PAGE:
Easily the most unreliable place to evaluate prospects would be all-star camps. At these camps personality and position are just as important as ability and talent. Big guys almost never get the ball at camps, and guards who have a scoring mentality tend to shine. Also prospects with outgoing personalities fit better in a camp setting than the more introverted players who like fitting in within the team culture.

While camps are nice to see with some incredible one-on-one matchups, over the grand scope of a camp, it is important to keep everything in perspective, as over the course of time more mistakes have been made during camp settings than anywhere else within the evaluating spectrum.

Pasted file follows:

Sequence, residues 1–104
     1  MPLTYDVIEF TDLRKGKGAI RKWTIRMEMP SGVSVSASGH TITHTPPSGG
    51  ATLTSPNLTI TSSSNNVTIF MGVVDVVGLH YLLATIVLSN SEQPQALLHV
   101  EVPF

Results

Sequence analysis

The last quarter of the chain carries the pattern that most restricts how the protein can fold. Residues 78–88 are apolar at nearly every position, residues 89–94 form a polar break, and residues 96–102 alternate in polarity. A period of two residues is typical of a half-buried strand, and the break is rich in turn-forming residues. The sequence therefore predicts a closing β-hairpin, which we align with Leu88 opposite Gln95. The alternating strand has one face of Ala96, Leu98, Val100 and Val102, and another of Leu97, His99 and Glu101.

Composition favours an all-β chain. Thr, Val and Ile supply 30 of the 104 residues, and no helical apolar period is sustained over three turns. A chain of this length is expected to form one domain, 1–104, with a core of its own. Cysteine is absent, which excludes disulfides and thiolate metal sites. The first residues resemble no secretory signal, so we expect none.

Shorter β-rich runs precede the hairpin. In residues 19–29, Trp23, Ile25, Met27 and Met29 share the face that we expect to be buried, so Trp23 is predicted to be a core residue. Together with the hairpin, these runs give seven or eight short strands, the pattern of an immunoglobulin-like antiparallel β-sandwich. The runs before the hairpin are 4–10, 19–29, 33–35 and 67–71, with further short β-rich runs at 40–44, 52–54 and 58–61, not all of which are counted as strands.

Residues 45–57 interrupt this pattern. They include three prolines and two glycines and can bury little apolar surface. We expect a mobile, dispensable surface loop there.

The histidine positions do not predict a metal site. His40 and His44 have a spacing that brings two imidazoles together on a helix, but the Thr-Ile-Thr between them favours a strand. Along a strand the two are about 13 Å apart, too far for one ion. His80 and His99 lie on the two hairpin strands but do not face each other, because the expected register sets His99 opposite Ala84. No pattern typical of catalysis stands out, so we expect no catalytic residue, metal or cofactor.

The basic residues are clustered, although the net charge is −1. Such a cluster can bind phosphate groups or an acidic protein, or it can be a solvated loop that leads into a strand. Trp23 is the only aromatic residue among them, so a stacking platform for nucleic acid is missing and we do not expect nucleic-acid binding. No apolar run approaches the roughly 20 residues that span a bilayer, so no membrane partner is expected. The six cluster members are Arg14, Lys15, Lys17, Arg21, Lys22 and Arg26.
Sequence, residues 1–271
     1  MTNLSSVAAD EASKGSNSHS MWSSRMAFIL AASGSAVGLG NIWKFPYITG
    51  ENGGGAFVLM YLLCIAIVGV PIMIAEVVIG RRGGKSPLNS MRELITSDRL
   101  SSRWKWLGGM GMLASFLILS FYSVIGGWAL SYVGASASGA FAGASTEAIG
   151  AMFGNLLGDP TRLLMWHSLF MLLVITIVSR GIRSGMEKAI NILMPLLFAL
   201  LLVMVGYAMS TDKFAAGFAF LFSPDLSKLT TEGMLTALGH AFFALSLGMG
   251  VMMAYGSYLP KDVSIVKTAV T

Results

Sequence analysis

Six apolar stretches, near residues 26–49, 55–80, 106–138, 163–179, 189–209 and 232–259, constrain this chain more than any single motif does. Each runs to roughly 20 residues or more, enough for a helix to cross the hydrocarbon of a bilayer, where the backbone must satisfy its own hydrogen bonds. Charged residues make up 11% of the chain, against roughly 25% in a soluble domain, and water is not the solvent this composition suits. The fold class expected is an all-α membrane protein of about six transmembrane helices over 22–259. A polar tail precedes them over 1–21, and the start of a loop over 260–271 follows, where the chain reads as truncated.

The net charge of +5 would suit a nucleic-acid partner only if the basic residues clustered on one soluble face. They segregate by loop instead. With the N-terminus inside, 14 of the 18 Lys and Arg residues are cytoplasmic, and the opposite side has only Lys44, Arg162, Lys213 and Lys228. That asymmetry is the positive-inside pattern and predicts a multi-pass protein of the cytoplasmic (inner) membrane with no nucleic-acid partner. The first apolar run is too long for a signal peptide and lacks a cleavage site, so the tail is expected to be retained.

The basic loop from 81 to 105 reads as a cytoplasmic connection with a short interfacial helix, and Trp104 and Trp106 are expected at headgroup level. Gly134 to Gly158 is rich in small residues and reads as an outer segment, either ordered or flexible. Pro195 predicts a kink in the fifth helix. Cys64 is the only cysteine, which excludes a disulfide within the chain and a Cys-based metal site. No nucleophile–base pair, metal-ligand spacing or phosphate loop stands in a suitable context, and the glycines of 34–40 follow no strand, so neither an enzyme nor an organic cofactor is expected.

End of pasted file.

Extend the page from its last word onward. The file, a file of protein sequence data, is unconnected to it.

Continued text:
That is the process that goes into ranking players and how they are seen, now the question becomes ‘what are we ranking'. Honestly that is such a simple question with a really difficult and complex answer.

Here at we feel we are ranking basketball players, pure and simple. We are ranking how good we think each individual basketball player will be.

There is a common belief, and in our opinion misconception, that somehow you can be a better NBA player than a college player, or in other words do we rank on being an NBA prospect or being a college prospect.

The answer to that we feel is that if you are a great college player, or project to be a great college player, that in turn gives you the chance to be a great NBA player. However it is nearly impossible and extremely rare to be a good college player who then magically turns into a great NBA player.

Where people can get confused is in the situation of a player like DeAndre Jordan versus Kyle Singler. Both Jordan and Singler were members of the class of 2007 and both were rated in the top 15.